Top of the league clubs: Derby County, Wrexham, Tranmere Rovers, Egham Town; all have been named as examples of excellence in making their clubs truly welcoming of disabled supporters. You will note that none of these clubs are in the Premier League. In Sept 2015 the Premier League promised to make all clubs accessible to disabled people. The House of Commons Select Committee on Culture Media and Sport report published today states that it’s “very clear” that sports clubs, notably many of those with very considerable income and resources, have not done anywhere near enough for sports fans with disabilities in recent years, despite the increase in income many of those clubs have enjoyed.” Given the examples above I would say it is clearly a question of will rather than resources and Greg Clarke of the Football Association agrees, telling the committee “that for the Premier League the problem was not money”. Football is our national sport, beloved by so many of us, and it needs to rediscover its moral compass. If not on its own then with some help. Both the commons committee and the Minister for Sport have said they would support legal action against clubs that miss the August deadline and Bill Bush, executive director at the Premier League spoke of fines of up to £25,000. I would urge both the Premier League and the Equality and Human Rights Commission to use all means at their disposal to ensure that disabled supporters are no longer treated as second class citizens when they want to support their football team.
Chris’s letter to the Times: Football’s Failure
Watch Channel 4’s report: Are football stadia no go for disabled?
BBC Sport: Disabled access: Premier League clubs may face sanctions over lack of improvement
Law firm, Travers Smith, have recently launched a diversity and inclusion initiative called “be a game-changer”, which they hope will harness the power of sport to help the company build diverse and collaborative teams and create an inclusive workplace. Chris took part in a though provoking panel discussion that explored several themes around this idea and spoke powerfully of his own experiences in sport, both as competitor and then director at London 2012. One of the lessons he explored was how companies can identify and support talent. There were also fascinating insights into how unconscious bias works and what individuals can do to make a difference, and ultimately create a more inclusive environment for everyone. Watch a short film to learn more about aims of the initiative.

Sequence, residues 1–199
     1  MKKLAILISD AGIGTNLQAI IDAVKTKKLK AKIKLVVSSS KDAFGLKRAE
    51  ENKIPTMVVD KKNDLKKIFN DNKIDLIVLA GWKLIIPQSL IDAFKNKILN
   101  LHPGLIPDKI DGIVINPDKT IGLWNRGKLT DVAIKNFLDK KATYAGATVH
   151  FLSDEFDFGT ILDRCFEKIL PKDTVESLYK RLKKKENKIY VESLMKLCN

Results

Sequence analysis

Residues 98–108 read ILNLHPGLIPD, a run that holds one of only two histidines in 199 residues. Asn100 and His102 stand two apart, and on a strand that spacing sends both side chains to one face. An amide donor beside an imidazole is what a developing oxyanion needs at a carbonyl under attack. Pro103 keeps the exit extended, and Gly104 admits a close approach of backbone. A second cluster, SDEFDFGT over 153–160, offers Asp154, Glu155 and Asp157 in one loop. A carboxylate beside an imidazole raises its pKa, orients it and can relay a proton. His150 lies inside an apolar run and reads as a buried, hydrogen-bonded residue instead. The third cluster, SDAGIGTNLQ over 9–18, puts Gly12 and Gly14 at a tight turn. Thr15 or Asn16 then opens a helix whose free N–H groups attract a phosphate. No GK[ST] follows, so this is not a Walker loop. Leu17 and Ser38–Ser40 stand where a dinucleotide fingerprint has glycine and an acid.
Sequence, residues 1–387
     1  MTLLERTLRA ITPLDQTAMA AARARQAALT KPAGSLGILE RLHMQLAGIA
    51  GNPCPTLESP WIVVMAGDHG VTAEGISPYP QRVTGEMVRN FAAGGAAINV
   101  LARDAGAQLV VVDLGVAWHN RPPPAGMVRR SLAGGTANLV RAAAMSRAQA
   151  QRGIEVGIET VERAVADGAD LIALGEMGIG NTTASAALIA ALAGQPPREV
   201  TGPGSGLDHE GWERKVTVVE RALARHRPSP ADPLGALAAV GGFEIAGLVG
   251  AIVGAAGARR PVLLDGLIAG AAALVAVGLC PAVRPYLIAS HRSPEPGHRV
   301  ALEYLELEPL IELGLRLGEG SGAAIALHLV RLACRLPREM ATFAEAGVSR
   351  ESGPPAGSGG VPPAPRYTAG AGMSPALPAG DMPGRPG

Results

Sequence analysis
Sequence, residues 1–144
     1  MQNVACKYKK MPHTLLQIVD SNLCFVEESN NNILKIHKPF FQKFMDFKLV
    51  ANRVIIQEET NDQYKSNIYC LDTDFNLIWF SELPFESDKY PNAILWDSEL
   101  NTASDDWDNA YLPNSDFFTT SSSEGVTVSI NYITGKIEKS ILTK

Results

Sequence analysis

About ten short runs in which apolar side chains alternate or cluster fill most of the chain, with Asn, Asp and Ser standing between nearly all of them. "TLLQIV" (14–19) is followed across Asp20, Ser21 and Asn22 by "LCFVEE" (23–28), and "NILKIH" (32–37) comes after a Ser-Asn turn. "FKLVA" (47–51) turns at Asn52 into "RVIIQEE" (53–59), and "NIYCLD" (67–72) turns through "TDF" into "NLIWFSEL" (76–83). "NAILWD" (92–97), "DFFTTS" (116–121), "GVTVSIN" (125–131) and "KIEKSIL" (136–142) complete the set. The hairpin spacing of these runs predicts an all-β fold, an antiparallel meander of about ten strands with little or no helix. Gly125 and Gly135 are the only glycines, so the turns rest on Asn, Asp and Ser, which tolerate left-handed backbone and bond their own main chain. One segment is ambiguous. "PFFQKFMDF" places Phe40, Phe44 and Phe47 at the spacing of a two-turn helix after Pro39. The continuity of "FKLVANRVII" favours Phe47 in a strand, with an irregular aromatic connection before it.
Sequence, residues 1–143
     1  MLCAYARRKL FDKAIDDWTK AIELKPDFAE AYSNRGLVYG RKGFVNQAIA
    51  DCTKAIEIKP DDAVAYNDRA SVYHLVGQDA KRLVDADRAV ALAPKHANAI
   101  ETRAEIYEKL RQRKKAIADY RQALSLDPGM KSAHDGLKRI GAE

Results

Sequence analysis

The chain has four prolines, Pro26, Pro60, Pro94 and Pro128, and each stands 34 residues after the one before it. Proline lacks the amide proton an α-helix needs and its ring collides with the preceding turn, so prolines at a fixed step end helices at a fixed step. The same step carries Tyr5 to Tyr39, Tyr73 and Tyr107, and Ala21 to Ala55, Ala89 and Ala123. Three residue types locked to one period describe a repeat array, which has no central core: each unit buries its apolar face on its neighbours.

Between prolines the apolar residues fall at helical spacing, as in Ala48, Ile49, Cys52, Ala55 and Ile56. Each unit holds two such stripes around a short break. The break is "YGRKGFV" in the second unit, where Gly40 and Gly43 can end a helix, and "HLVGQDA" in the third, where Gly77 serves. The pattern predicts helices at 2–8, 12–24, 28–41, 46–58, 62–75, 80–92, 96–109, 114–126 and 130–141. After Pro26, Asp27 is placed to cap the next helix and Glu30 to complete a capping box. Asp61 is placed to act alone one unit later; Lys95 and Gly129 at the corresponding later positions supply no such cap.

Chris knows, from his own personal experience, all about the opportunity that sport can provide for people and its unique power to transform lives and inspire others. The fact is that some groups, particularly women and girls, Asians, Muslims and disabled people, have disproportionately low rates of participation in sport – as players, spectators, volunteers, officials and employees. The Equality and Human Rights Commission receives money from the Department of Culture, Media and Sport to promote inclusion in sport. This funding is allocated to grassroots initiatives administered through organisations like Premiership Rugby . Another partnership with the England & Wales Cricket Board is expected to be announced soon. The funds are also being used to improve access to stadia for disabled people. Discussions have been held with the Premier League and given the windfall the Premier League has just enjoyed, Chris believes “it would be scandalous if clubs don’t do more to improve access for disabled fans.”
Click here for Chris’s blog in full
Listen here to Chris discussing disabled access to football grounds on Radio 5 live
Click here to read a special report on disabled access to Premier League clubs in the Guardian